China's left behind children, the sons and daughters of China's floating population of migrant workers are beginning to join their parents in the big cities but the plight of millions is still pathetic REUTERS

Six-year-old Lu Yiming who lives with his 72-year-old grandma and sees his dad once a year is just one among the 61 million "left-behind" children of China.

Abandoned by his mother and left with a father who works at a distant province as a carpenter, Lu is among many children with learning issues at school, poor mental health and behavioral problems.

His grandmother is too old to keep up with the demands of a growing child.

One in five Chinese children grow up without both parents or a single parent, reports CNN.

In rural China especially, the problem is rampant as adults migrate to cities looking for a livelihood. The situation has improved off late, as more and more parents are moving along with their children to cities.

However, under China's hukou system families need to be registered as rural or urban. When couples move to cities, they are not allowed to change their household registration and high costs of living in cities do not allow them to take their children along.

To make amends, the Chinese Communist Party has been promising reforms to the hukou system.

According to a report published by the All-China Women's Federation (CWF), the number of "left-behind" children in rural areas was at 61.026 million in 2013, accounting for 37.7% of rural children and 21.9% of all children nationwide.

As they lack parental support, these children are left vulnerable to physical and emotional hurt, CWF stated.

Raped and tortured

Staying with ageing grandparents or a single parent, many children are exposed in the society to dangers such as rape, death by to drowning, poisoning, traffic accidents and fire incidents.

With no one to take responsibility for them, these children end up being beaten, threatened or even abducted by criminals.

Furthermore, with poor conditions at home many of the children fail to cope up with educational responsibilities.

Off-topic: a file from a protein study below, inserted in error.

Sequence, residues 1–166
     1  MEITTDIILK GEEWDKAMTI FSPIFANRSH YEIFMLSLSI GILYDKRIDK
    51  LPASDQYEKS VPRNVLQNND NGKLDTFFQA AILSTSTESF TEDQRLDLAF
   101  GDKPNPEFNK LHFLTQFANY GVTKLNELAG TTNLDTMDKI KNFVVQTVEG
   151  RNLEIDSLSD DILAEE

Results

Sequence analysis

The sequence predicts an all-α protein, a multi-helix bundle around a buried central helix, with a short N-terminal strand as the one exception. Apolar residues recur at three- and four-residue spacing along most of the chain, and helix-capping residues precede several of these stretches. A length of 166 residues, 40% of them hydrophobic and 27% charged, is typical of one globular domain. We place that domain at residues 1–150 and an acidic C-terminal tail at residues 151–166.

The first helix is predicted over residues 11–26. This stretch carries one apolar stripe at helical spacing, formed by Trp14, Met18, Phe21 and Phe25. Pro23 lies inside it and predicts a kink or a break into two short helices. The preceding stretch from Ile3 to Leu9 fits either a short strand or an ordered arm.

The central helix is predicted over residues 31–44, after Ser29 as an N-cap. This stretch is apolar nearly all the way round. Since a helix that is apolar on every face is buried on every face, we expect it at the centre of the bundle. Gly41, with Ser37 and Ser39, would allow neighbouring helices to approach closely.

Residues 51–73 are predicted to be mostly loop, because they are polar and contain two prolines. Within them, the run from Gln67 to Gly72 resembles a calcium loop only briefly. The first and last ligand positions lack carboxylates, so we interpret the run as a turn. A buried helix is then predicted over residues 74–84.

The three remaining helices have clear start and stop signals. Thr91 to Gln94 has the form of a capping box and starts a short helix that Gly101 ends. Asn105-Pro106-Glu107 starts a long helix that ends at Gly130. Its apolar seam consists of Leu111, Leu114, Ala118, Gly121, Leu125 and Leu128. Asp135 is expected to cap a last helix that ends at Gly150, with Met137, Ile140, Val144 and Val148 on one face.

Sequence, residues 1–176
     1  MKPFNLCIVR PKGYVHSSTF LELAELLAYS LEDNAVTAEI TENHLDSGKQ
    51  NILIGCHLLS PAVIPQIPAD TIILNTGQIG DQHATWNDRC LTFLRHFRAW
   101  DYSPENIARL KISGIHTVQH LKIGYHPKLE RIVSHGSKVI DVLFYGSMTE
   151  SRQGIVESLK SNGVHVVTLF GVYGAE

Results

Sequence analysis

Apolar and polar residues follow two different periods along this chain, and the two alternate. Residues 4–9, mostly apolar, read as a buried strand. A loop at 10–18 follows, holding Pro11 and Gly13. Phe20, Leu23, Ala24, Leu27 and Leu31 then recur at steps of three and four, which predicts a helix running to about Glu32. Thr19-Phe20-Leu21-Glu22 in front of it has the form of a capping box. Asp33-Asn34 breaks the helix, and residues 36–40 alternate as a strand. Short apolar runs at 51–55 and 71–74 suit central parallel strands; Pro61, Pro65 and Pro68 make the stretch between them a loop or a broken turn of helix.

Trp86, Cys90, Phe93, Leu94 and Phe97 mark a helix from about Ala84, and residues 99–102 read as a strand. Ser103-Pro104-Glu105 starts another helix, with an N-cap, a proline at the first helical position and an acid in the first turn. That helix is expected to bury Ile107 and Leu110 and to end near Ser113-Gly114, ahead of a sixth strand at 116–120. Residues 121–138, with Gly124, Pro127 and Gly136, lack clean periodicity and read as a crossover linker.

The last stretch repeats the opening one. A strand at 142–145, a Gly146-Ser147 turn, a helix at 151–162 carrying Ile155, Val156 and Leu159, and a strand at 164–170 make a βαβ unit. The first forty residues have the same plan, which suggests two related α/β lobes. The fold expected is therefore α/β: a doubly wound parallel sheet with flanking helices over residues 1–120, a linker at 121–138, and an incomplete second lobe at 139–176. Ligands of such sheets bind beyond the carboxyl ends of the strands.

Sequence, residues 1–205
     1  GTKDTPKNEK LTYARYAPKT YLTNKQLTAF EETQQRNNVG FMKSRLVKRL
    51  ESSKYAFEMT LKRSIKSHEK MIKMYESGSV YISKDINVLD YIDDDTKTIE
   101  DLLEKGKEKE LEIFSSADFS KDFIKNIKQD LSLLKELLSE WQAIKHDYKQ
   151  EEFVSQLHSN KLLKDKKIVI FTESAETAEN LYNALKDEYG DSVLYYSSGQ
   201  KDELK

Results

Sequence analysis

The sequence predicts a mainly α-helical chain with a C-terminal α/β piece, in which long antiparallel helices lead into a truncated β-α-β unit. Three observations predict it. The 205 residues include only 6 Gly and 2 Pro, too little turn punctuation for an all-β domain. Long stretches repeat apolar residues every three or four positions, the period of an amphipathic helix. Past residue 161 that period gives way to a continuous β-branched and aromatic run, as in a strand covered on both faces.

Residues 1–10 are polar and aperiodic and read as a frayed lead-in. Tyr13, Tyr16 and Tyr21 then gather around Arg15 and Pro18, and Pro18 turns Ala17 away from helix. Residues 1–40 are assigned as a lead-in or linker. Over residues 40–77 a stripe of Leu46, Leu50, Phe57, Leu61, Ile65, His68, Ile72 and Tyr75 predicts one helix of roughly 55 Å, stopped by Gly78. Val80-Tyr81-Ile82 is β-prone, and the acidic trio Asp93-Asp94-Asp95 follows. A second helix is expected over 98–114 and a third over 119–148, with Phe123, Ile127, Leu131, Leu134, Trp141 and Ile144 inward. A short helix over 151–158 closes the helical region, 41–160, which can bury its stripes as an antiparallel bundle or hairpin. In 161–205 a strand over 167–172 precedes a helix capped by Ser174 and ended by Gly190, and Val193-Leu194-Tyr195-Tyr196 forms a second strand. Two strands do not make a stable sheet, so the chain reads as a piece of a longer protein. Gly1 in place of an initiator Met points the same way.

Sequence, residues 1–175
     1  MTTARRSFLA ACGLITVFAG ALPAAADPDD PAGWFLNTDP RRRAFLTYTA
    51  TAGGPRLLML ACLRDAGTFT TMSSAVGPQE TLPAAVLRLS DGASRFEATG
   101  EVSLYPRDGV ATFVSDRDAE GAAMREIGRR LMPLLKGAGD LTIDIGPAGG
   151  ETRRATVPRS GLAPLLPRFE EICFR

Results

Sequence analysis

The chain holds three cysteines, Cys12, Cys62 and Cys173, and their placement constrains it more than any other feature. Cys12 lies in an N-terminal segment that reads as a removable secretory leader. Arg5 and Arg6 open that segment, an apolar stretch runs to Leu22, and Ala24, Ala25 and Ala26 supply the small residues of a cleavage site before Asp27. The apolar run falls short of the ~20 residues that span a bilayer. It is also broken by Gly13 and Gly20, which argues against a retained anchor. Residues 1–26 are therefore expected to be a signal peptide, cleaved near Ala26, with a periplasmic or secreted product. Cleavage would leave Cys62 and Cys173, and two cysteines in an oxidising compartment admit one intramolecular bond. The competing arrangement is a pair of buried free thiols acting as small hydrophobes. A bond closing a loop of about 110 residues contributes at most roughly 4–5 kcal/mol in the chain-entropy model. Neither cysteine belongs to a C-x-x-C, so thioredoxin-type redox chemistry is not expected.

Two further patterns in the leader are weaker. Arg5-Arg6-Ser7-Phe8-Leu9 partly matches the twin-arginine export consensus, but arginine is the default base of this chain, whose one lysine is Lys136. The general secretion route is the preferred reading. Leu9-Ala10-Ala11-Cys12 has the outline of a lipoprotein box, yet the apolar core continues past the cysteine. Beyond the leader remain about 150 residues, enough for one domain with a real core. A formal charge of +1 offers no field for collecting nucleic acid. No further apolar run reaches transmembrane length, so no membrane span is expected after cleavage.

"It has a huge impact on society and the generation of people who grow up without parents," says Ines Kaempfer, of the Center for Child-Rights and Corporate Social Responsibility. "There is a generation of Chinese society that lacks security and trust. It could have a potentially disastrous effect."

A report found that 82% of the 877 migrant parents surveyed regarded themselves as inadequate to handle the kids.

This has seen China recruiting social workers to provide counseling in rural areas. Government spending on social services rose by an average of 24% from 2008 to 2012, according to the Organization for Economic Co-operation and Development (OECD).

Some children end up with parents in cities and a grandparent is inevitably pulled along to take care of the child when the parents are at work. And the hukoa system makes life difficult, as a child cannot go to state schools unless there is a vacancy, which is hard to come by.

Hence, parents are forced to look at living in quarters in the costly suburbs of cities like Shanghai and look out for schools in the vicinity. It is costly, but some prefer to do that than leaving behind their children.

But there are many unfortunate "left-behind" children for whom parents are strangers, who turn up once a year.

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